Does Your Teen Cut Herself?

Brooks Michael's picture
By Brooks Michael on January 18, 2018

Why would a teenager cut herself? And what can you do to help her?

Yes, the teens who harm themselves this way are mostly girls who are trying to cope with distress in their lives. They turn to cutting as a way of blunting emotional pain. 

Teens who cut themselves with their nails or a razor blade say it dulls their feelings of stress. They may also scratch or hit themselves, or pick at their skin or pull out their hair.

If you recall, being a teenager involves difficult feelings—including being judged constantly or being made fun of or bullied. It may be hard to make friends, or to rebound from losing a friend. Then there’s that whole question of “What should I do with my life?” that looms large.

Some teens also feel more stress than others, either due to their genes or prior traumatic experiences.

Cutting may be a temporary behavior, or it may become a chronic habit that will leave physical and emotional scars. It may also be an indication of suicidal thoughts.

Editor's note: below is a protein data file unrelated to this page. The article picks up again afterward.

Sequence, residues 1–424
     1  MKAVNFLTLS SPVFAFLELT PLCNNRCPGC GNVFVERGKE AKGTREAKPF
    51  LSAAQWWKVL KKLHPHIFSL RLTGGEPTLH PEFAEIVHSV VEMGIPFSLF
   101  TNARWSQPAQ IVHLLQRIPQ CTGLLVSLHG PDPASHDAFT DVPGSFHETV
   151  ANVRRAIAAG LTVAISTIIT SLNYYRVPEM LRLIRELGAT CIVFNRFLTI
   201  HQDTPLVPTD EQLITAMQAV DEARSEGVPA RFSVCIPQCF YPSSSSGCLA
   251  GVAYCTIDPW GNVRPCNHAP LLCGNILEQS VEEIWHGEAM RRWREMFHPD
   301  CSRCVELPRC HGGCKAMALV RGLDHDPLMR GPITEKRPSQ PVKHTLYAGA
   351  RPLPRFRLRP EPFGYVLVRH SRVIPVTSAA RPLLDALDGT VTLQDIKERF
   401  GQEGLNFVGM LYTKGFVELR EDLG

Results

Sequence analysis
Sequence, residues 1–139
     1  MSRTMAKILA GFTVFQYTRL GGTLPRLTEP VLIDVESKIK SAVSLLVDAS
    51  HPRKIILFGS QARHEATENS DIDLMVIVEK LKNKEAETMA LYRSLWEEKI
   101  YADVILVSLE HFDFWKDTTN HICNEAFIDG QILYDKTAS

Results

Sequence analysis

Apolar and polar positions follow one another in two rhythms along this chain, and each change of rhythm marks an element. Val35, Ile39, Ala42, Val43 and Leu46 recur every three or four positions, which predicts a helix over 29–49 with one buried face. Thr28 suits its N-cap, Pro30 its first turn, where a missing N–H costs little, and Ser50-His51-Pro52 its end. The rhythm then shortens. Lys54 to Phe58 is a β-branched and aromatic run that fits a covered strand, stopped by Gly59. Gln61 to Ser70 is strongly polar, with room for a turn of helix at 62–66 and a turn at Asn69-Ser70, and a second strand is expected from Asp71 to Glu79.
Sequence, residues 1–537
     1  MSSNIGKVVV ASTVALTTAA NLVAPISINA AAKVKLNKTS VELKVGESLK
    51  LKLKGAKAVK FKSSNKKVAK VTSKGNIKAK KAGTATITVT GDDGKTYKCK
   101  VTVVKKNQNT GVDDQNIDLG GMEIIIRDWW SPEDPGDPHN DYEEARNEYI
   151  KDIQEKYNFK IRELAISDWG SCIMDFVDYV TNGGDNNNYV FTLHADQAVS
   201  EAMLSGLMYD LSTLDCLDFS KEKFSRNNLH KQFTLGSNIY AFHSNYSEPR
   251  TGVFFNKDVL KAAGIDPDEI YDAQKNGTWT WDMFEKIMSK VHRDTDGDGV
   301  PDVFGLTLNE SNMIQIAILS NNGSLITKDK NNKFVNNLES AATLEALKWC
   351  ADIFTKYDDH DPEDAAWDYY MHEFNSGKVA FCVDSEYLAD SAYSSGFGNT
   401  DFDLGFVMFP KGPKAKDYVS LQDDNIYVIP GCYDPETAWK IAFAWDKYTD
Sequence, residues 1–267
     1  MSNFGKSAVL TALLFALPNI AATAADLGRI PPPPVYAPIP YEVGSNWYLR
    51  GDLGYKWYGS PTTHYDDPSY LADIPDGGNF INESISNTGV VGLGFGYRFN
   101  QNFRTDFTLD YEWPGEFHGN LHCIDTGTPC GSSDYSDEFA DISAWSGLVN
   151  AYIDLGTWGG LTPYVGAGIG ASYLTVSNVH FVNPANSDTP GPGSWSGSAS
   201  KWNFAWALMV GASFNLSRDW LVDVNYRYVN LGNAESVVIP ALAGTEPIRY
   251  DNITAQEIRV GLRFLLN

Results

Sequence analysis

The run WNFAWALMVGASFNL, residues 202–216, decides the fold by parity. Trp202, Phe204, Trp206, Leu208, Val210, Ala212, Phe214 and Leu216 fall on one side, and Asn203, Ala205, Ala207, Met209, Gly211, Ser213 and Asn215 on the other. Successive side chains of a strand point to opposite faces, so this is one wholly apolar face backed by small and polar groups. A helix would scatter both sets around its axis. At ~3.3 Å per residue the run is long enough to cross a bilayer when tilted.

How can you tell if your teen is cutting herself?

Look for unexplained injuries and signs like bandages in waste baskets. Notice if she’s wearing clothes that are inappropriate for the season. Sometimes girls wear long sleeves or pants to cover cut marks even in the heat.

Often they will confide in a friend or sibling.

If you suspect your teen may have this problem, talk to her. Ask if she’s heard of cutting, or if she knows anyone who does it. Ask if she’s thought about doing it herself.

It’s important to react in a nonjudgmental way if you do discover a problem.

Then consider seeking professional help. Counseling could help her cope with her strong emotions, as might medication or a support group.

It can be scary, of course, to learn that a child you love is hurting herself. But it’s also important to know that it doesn’t mean she is mentally ill, and that she can recover from this.

What else can you do?

Treating her with compassion and understanding can help enormously.

Did you know that many teen girls also skip meals? Learn more about this health concern. 

Brooks Michael is an adolescent health educator for Carilion Clinic’s Adolescent and Student Health Services. Learn more about Brooks and her work with teens.